High levels of some specific antioxidant compounds can cause unwanted and potentially dangerous side effects. For example, vitamin E supplementation should not be taken with blood thinner medications.
How to Give Antioxidants to Dogs
Using whole foods will provide your dog with a variety of antioxidants, often in unknown or variable concentrations and amounts.2 Some foods that are safe for your dog to eat and contain antioxidants include:
- Cooked squash
- Sweet potatoes
- Red bell peppers
- Green beans
Antioxidants can also be purchased as individual supplements or in products that contain a combination of antioxidants. Supplements like colostrum contain several different antioxidants, including glutathione, vitamin E, vitamin C, and beta-carotene.8 Follow the dosing instructions for the particular product that you purchase for your dog.
The bioavailability of antioxidants can be affected by their preparation and processing. Many supplements are labeled for human use, so the appropriate dosing may be different for your pet. Consult your veterinarian for the appropriate therapeutic dose.
Most antioxidant supplementation is given daily for long term use.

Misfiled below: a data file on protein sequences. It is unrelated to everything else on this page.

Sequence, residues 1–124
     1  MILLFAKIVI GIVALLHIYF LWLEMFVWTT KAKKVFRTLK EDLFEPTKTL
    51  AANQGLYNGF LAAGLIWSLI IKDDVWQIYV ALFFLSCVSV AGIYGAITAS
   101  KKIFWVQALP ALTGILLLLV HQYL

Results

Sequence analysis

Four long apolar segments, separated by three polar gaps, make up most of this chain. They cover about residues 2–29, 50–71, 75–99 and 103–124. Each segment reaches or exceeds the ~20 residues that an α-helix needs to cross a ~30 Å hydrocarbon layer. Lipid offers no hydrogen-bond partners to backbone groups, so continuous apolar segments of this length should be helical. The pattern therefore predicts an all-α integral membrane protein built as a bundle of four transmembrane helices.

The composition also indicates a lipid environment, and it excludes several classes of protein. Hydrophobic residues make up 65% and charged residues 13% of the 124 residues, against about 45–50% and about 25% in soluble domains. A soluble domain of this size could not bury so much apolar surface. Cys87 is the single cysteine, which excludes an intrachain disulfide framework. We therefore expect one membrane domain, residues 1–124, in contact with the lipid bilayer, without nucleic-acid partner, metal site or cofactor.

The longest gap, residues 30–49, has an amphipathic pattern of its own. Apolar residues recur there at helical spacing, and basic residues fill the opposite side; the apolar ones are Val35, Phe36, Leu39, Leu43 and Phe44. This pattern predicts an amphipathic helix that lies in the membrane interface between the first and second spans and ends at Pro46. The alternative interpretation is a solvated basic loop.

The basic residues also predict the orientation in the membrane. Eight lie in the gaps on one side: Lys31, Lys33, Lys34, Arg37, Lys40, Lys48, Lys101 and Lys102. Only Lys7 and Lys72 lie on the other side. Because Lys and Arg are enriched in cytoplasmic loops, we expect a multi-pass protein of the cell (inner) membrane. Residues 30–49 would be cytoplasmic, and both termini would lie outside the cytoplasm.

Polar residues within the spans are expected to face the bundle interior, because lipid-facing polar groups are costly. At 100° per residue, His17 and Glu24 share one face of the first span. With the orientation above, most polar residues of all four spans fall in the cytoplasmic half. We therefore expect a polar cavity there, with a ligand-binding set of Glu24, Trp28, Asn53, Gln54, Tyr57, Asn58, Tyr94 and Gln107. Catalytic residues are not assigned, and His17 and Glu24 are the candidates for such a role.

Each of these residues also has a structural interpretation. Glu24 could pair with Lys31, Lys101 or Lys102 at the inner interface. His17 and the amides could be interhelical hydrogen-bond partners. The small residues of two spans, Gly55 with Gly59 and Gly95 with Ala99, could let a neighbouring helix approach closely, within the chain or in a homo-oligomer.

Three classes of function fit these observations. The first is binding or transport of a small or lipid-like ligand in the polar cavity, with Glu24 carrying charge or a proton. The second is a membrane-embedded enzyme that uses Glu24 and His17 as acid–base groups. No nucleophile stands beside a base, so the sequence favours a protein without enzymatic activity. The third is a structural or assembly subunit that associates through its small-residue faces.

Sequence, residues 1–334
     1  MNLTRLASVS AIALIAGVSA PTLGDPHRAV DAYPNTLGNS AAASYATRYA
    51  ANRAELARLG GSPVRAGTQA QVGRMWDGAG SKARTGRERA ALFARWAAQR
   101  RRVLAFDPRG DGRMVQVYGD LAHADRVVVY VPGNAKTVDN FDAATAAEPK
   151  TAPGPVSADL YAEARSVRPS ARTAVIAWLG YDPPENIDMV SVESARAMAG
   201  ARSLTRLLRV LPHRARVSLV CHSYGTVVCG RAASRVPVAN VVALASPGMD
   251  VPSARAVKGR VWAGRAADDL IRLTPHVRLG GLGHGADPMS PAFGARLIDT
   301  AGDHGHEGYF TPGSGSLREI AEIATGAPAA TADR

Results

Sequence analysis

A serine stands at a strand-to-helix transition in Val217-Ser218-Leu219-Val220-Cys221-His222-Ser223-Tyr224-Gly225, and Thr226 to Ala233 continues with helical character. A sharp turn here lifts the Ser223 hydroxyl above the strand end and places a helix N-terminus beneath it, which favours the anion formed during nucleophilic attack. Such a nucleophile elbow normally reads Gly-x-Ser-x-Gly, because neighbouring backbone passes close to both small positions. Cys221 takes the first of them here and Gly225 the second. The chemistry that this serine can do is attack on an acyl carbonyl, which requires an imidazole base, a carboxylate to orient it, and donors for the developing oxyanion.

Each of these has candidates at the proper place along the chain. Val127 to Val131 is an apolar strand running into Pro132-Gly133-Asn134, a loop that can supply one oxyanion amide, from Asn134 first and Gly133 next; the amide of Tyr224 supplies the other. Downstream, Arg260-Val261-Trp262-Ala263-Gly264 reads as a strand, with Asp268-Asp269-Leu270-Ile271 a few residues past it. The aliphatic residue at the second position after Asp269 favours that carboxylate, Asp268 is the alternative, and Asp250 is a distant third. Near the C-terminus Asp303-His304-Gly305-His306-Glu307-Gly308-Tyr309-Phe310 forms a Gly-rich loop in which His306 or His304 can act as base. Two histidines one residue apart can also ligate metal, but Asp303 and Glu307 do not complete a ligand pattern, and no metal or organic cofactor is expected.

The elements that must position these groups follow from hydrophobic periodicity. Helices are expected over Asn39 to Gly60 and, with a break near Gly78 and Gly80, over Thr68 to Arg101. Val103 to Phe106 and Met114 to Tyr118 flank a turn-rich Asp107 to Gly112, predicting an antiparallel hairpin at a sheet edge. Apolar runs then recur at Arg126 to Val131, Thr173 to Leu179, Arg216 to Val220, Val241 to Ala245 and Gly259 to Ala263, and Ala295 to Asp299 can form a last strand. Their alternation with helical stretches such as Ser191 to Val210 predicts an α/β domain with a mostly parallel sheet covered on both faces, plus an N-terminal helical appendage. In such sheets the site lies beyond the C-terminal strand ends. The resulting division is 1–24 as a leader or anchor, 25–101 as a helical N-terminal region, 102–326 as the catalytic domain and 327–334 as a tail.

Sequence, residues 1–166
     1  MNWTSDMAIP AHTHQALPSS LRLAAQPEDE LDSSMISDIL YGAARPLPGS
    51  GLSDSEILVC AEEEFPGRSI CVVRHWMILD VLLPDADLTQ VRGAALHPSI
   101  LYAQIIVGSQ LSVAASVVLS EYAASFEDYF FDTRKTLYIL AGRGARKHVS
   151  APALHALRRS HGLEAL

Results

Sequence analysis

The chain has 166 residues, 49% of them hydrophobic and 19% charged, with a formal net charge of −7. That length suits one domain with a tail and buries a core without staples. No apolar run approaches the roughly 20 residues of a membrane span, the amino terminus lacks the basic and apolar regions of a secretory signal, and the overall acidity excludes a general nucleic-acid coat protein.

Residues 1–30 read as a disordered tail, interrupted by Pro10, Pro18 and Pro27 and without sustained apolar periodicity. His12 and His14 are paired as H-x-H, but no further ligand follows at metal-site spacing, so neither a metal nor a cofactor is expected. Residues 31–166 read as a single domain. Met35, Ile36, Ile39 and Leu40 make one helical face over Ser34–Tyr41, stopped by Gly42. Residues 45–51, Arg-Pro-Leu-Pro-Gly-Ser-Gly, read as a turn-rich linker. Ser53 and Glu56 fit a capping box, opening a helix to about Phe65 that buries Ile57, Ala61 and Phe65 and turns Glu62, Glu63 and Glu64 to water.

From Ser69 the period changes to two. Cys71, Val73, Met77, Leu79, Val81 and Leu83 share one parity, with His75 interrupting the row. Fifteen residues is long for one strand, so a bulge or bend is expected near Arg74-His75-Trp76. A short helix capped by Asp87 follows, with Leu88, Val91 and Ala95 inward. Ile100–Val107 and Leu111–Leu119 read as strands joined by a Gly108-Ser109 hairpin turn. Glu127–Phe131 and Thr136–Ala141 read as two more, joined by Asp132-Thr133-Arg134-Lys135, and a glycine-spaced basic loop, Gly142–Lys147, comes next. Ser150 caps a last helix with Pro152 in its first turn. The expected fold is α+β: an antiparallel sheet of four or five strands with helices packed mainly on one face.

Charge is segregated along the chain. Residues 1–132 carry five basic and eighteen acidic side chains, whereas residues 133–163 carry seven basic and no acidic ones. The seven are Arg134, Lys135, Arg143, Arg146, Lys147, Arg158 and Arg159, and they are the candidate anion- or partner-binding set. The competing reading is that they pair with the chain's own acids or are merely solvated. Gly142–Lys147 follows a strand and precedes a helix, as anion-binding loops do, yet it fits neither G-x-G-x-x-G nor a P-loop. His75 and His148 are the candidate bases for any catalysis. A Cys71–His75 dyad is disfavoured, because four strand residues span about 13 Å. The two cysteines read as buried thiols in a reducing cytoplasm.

What If I Miss a Dose?
If you miss a dose of an antioxidant supplement, just continue with the next scheduled dose as prescribed. Missing a dose is unlikely to have harmful effects.
Storage and Handling
Refer to the specifics for each supplement listed on their packaging.
Generally, most antioxidants should be kept tightly sealed and dry and away from heat and direct sunlight.
Store food items the same way you would if you were going to eat them.
Our Take on Antioxidants for Dogs
Antioxidants are relatively easy to incorporate into a dog’s cancer therapy without significant interactions or side effects from their current medications.
Dietary sources of antioxidants are an excellent choice and can easily be incorporated into your dog’s base diet or as an extra snack or topper. Remember, treats and toppers should be no more than 10% of your dog’s diet, to avoid unbalancing it.